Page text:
Patients with long-term conditions are often experts on their condition, which is why self-management is encouraged in diabetes.
However, it can be extremely difficult to manage blood glucose levels during illness. Viruses, such as those that cause colds and flu, can increase insulin requirements so dramatically that patients need to test blood glucose levels four to six times a day to ensure insulin doses are accurate. In addition, long-term hyperglycaemia not only triggers chronic complications but also leads to diabetic ketoacidosis, a medical emergency due to severe metabolic imbalance.
Because both type 1 and type 2 diabetes can be extremely difficult to self-manage alongside an acute infection, and patients may need expert advice and care from health professionals. However, GPs are overstretched and it can be difficult to get an emergency appointment when blood glucose levels become unstable, while in addition, hospital diabetes clinics are not designed to provide a drop-in centre for diabetes self-management difficulties resulting from illness.
These problems highlight the fact that diabetes care is not seamless and high-risk patients who become ill may not receive the medical attention they need.
The recent top-down reorganisation of the NHS has diverted resources away from care. People with diabetes need to feel confident that services such as NHS 111 will provide correct advice that is appropriate to their condition and situation. However, NHS 111 is not properly resourced, with some advisers receiving only a few weeks’ training. This does not inspire confidence, nor does it ensure advisers have advice and guidance needed to prevent a person with diabetes from being admitted to hospital. Other factors affecting care provision are an ageing population, a shortage of accident and emergency consultants and the crisis in the NHS. Early intervention and an integrated system are urgently needed to avoid acute ill health wherever possible.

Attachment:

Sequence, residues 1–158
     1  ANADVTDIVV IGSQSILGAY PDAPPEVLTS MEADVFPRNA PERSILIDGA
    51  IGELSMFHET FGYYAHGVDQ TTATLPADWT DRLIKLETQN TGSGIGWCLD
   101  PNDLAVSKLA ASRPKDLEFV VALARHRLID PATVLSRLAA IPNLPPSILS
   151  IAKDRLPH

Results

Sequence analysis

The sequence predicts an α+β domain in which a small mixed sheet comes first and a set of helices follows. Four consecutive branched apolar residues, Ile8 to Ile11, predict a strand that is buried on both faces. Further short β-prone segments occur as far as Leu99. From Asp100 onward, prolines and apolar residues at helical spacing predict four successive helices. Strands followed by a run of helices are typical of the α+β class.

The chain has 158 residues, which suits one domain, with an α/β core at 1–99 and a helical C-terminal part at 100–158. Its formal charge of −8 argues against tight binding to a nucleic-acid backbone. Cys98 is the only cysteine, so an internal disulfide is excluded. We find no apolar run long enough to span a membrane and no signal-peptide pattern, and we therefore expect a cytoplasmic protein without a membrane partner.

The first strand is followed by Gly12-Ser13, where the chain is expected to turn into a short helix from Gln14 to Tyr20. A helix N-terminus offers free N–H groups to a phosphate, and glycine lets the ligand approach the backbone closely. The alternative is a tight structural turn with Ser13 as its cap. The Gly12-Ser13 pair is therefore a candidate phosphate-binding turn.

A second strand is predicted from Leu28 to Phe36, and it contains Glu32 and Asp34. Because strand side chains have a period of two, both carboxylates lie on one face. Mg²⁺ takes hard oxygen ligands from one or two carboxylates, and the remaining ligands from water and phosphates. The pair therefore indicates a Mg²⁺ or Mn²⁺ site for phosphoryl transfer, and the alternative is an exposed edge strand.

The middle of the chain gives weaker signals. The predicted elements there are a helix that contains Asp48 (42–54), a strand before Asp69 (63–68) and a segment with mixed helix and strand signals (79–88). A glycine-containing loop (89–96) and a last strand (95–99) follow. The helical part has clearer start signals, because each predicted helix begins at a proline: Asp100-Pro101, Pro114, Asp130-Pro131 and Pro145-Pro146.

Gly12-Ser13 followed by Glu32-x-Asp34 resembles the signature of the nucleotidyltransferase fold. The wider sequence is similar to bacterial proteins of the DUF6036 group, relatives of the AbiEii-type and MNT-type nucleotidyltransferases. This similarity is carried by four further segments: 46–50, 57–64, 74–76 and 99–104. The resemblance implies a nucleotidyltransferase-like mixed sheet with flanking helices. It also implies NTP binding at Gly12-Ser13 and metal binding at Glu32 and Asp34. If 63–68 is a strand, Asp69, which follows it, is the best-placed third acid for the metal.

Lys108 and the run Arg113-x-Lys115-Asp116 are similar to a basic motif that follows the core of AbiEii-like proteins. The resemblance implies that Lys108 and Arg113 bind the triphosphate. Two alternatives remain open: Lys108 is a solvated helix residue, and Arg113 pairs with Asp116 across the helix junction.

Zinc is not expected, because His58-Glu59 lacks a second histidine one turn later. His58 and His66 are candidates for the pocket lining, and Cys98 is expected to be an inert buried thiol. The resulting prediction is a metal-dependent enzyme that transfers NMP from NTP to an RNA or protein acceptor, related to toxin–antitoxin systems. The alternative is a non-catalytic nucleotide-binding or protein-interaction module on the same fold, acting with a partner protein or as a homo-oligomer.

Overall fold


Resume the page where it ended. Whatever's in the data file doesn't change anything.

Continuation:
This issue is a difficult one. The answer lies with patients being proactive and taking primary responsibility for managing their diabetes. Action can be taken to avoid ketoacidosis due to prolonged hyperglycaemia, reducing hospital admissions. This involves regular blood testing and acting on the results, especially during illness. Having a flu vaccination is essential as a preventive measure.
The National Diabetes Inpatient Audit and the National Paediatric Audit showed there were 8,472 hospital admissions relating to diabetic ketoacidosis in 2011. A large proportion of these were potentially due to deliberate omission or forgetting to take insulin by 10-19-year-olds. An emphasis on patient education is necessary by diabetes teams, in collaboration with GPs, in respect of ketosis prevention and maintaining blood glucose levels to avoid this emergency condition that requires admission to A&E. However, patients must also be able to access seamless diabetes care when they require it.
Val Wilson is a diabetes researcher, lecturer and writer. She has had brittle type 1 diabetes for 37 years.